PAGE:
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Using CTV as a Roadmap for Programmatic Audio & 3 Other Stories

Using CTV as a Roadmap for Programmatic Audio & 3 Other Stories

The Download

Season 3 • Episode 91

Manuela: This is The Download from Sounds Profitable, the most important news from this week and why it matters to people in the business of podcasting. I’m Manuela Bedoya. 

Shreya: And I’m Shreya Sharma.

Manuela: The Download is brought to you by Magellan AI. Track the trends in spend, ad load, podcasts on YouTube, and more with Magellan AI’s advertising benchmark report for Q4, available now. You can find a link in the description or visit Magellan dot AI.

Shreya: This week: CTV as a roadmap for programmatic audio, Digiday finds ad spending’s doing just fine, new health care information law passes in Washington, and a Research Roundup.

Let’s get started. 

How to use CTV as a Roadmap for Programmatic Audio

Manuela: On April 19th, Magnite VP of Global Business Development Grant Sterling published an article on the Magnite blog. The piece proposes how one working with CTV can use that experience as a template for programmatic audio advertising. From Sterling’s article:

“If you were to draw a Venn diagram of CTV and programmatic audio, there’d be considerable overlap. Akin to audio, CTV media planning focuses on addressable audiences in premium environments, with private marketplace and programmatic guaranteed deals playing a large role in buying..”

Sterling highlights the fact both audio and CTV are deal-focused and have similar user experiences. CTV is good at finding audiences outside the scope of traditional media, so is audio. 

When it comes to differences, audio has the advantage of more concentrated distribution channels via Spotify and Apple’s dominant share of the podcasting market. SSPs in audio find themselves positioned closer to their audiences and listening behaviors than the CTV side of the equation, as well. From the article:

“Ultimately, CTV and audio have much in common: they’re both winning greater audience share and engagement. While five years ago, these channels may have been a “nice-to-have,” they’ve both become staples of any sound marketing mix — brands simply can’t optimize their reach without them. 

Looking ahead, time spent listening to audio is only expected to increase among listeners— who now represent nearly three-quarters of US internet users. To deliver on audio’s full potential, marketers can learn from CTV and heed the two channels’ differences while leaning into their similarities.”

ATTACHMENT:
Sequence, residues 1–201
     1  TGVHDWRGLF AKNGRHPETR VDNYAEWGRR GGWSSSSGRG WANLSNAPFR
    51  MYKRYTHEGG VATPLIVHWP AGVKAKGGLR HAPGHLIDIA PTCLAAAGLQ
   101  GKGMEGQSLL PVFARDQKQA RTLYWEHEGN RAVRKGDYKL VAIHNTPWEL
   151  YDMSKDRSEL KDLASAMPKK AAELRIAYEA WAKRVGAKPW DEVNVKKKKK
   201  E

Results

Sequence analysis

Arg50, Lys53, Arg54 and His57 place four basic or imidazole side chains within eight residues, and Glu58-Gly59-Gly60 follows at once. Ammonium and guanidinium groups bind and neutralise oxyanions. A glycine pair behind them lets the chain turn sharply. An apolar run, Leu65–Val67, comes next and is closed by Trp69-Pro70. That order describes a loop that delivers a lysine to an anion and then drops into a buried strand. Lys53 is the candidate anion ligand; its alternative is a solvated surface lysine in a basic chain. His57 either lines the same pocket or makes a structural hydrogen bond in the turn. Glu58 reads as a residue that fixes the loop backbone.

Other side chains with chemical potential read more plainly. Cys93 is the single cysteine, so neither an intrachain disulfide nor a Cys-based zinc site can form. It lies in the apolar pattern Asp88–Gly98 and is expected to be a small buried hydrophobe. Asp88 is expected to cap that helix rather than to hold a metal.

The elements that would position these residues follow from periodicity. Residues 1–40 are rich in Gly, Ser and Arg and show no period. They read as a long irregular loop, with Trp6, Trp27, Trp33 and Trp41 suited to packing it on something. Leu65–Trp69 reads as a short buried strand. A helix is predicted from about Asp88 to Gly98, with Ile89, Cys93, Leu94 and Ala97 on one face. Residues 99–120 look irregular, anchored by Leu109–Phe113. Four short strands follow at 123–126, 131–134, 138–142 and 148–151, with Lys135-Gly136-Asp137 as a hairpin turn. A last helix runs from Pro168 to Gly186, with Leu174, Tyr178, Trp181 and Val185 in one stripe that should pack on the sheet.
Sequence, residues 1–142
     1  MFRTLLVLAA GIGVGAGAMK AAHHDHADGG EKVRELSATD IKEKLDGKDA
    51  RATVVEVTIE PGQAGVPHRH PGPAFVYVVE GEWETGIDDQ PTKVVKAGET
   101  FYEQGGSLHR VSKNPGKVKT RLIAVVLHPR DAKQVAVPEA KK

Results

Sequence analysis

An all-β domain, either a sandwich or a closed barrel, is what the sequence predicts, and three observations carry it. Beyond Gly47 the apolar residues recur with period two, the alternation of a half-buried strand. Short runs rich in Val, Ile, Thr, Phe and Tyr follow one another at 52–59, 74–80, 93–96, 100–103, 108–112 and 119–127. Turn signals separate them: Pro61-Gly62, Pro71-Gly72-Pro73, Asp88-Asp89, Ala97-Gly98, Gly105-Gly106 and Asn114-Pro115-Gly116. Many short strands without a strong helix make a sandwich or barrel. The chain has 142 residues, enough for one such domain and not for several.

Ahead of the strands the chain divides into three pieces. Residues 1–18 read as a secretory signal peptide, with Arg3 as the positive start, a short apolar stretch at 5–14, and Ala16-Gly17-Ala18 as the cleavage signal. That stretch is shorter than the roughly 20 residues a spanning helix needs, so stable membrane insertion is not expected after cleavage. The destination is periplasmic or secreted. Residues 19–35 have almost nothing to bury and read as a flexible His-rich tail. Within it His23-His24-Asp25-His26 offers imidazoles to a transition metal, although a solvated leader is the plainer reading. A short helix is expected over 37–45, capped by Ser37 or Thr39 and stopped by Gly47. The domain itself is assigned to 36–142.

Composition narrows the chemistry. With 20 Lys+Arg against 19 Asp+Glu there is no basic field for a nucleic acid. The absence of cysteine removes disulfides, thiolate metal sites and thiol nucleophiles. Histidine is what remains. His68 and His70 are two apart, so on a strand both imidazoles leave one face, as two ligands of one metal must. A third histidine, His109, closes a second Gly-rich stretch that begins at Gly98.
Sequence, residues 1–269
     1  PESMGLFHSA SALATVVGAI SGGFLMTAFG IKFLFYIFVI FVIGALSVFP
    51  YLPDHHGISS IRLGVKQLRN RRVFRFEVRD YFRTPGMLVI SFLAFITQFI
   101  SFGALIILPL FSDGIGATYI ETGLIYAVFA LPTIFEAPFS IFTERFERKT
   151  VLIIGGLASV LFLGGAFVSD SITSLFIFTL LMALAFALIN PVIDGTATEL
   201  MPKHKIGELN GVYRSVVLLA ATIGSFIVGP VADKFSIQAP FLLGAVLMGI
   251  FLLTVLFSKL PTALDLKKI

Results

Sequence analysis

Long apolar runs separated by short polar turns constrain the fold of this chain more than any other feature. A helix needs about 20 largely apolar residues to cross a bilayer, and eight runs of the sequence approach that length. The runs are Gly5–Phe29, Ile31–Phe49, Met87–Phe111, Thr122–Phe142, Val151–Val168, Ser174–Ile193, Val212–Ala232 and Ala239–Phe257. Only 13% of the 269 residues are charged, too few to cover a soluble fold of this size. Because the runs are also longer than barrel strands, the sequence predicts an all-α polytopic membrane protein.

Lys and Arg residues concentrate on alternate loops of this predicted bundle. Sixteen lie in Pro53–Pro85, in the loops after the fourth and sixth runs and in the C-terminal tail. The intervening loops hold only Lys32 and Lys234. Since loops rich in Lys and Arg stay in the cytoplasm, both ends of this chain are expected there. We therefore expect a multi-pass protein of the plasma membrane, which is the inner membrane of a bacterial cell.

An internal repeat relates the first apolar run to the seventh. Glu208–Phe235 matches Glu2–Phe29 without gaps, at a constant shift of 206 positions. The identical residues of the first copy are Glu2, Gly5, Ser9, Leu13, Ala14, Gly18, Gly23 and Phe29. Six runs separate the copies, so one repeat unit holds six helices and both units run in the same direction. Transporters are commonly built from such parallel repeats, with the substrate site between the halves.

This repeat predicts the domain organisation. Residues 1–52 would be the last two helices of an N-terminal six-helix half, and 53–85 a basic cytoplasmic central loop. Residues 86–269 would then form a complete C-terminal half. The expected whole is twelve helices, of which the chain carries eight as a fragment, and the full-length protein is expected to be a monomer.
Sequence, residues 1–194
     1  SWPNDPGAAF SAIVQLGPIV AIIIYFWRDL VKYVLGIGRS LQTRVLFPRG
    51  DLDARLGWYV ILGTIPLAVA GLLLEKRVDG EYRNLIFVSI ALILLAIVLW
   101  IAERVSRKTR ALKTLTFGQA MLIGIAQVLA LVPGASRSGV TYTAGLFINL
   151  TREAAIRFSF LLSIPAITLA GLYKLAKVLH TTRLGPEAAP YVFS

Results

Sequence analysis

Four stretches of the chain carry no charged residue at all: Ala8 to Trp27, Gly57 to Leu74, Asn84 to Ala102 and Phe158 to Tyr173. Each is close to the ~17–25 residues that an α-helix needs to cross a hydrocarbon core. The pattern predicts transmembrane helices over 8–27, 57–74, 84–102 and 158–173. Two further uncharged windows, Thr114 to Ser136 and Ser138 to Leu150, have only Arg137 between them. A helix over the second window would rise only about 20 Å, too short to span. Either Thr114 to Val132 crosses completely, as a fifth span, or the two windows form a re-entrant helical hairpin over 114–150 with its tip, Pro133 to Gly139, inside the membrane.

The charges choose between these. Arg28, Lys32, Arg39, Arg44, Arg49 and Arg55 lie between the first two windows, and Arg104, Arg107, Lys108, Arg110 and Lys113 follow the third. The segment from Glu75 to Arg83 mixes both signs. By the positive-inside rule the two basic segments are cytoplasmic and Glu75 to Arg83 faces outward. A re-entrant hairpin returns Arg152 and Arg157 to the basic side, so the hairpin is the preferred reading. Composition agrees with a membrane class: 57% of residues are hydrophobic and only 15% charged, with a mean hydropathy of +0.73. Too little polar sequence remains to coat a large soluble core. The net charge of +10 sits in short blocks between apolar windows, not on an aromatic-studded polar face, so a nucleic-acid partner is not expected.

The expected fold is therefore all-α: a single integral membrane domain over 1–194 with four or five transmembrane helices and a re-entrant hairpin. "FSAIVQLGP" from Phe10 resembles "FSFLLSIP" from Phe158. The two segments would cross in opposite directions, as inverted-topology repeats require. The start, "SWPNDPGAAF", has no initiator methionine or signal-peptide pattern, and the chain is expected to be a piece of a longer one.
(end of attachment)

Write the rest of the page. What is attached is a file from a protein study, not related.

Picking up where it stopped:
There has been an uptick of articles like Sterling’s in previous months. Informational pieces written with the perspective that the reader has little to no experience with audio and is open to learn more. Informational and attention-getting. We would very much like to see this trend continue. 

What downturn? In real terms, ad spending is doing just fine.

Shreya: On Monday a Digiday team-up of Seb Joseph, Krystal Scanlon, and Ronan Shields covered the current state of ad spend in the United States. Spoiler alert: while ad spend might not be picking up speed, the slowdown is not too bad. From the article:

“And it looks a lot more nuanced than the so-called downturn that overshadowed a lot of advertising at the back half of last year. Really, that was a precursor to a reversion to the mean (i.e. pre-pandemic levels). That’s not to say there haven’t been some real cutbacks in spending so far this year. Of course there have been. But those cuts were isolated rather than widespread.”

Google posted a constant currency ad revenue growth of 3% in Q1, while Meta saw an increase of 7% and Microsoft posted 6%. Amazon reports 23% increase year-over-year. As the article points out, ads tend to do better in close proximity to transactions. Media analyst Brian Wieser told Digiday he expects advertising will finish out 2023 with middle single-digit percentage gains, applicable to pre-pandemic levels. From the article:

“Simply put, advertising isn’t a negative market. But it is a slow one. And yet, that’s less about the economic downturn and more about the tough comparables of the year-ago quarter — when advertisers were spending at a rate that was unsustainable.”

The piece points to the advertising growth in places like Amazon, Pinterest, and TikTok in recent months as evidence of advertising industry health. From the article: 

“In short, online advertising faces a headwind (this year at least), not a hurricane — as far as spending is concerned.” 

And from the article’s conclusion:

“Somewhere between this reset and reversion to the mean is the cold, hard fact that online ad spending is maturing. That’s what happens when a market gets too big not to slow down. And there’s nothing inherently bad about that.”

Not the blue-sky news audio would like to hear, of course, but ad spend is doing alright. By extension, we’re doing alright, and still have plenty of room to grow. 

Washington State passes sweeping health law 

Manuela: Last Thursday, MarketingBrew’s Ryan Barwick posted a piece on the My Health, My Data Act being signed into law in Washington State. The new law requires “unambiguous” consent to be collected by a company before they can begin collecting health data, including location information associated with health services.